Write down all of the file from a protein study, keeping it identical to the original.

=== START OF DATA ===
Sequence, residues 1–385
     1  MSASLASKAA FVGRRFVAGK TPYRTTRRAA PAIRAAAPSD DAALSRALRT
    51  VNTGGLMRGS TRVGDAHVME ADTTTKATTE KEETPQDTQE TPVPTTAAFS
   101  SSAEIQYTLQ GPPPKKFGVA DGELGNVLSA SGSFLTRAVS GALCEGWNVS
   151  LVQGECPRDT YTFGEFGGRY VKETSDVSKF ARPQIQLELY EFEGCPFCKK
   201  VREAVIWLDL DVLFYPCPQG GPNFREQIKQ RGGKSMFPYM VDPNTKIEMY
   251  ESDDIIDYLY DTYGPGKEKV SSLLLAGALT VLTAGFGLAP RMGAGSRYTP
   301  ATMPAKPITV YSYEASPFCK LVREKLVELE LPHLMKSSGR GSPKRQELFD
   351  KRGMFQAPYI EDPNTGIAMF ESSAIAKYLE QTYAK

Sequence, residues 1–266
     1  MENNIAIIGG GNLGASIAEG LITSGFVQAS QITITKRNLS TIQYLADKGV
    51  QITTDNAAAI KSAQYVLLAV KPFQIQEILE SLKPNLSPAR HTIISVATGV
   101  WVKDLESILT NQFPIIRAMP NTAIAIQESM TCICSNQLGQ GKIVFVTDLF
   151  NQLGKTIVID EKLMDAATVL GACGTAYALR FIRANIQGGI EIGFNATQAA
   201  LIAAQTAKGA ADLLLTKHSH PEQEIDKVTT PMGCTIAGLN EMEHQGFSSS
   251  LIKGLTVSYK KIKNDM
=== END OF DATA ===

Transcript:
Sequence, residues 1–385
     1  MSASLASKAA FVGRRFVAGK TPYRTTRRAA PAIRAAAPSD DAALSRALRT
    51  VNTGGLMRGS TRVGDAHVME ADTTTKATTE KEETPQDTQE TPVPTTAAFS
   101  SSAEIQYTLQ GPPPKKFGVA DGELGNVLSA SGSFLTRAVS GALCEGWNVS
   151  LVQGECPRDT YTFGEFGGRY VKETSDVSKF ARPQIQLELY EFEGCPFCKK
   201  VREAVIWLDL DVLFYPCPQG GPNFREQIKQ RGGKSMFPYM VDPNTKIEMY
   251  ESDDIIDYLY DTYGPGKEKV SSLLLAGALT VLTAGFGLAP RMGAGSRYTP
   301  ATMPAKPITV YSYEASPFCK LVREKLVELE LPHLMKSSGR GSPKRQELFD
   351  KRGMFQAPYI EDPNTGIAMF ESSAIAKYLE QTYAK

Sequence, residues 1–266
     1  MENNIAIIGG GNLGASIAEG LITSGFVQAS QITITKRNLS TIQYLADKGV
    51  QITTDNAAAI KSAQYVLLAV KPFQIQEILE SLKPNLSPAR HTIISVATGV
   101  WVKDLESILT NQFPIIRAMP NTAIAIQESM TCICSNQLGQ GKIVFVTDLF
   151  NQLGKTIVID EKLMDAATVL GACGTAYALR FIRANIQGGI EIGFNATQAA
   201  LIAAQTAKGA ADLLLTKHSH PEQEIDKVTT PMGCTIAGLN EMEHQGFSSS
   251  LIKGLTVSYK KIKNDM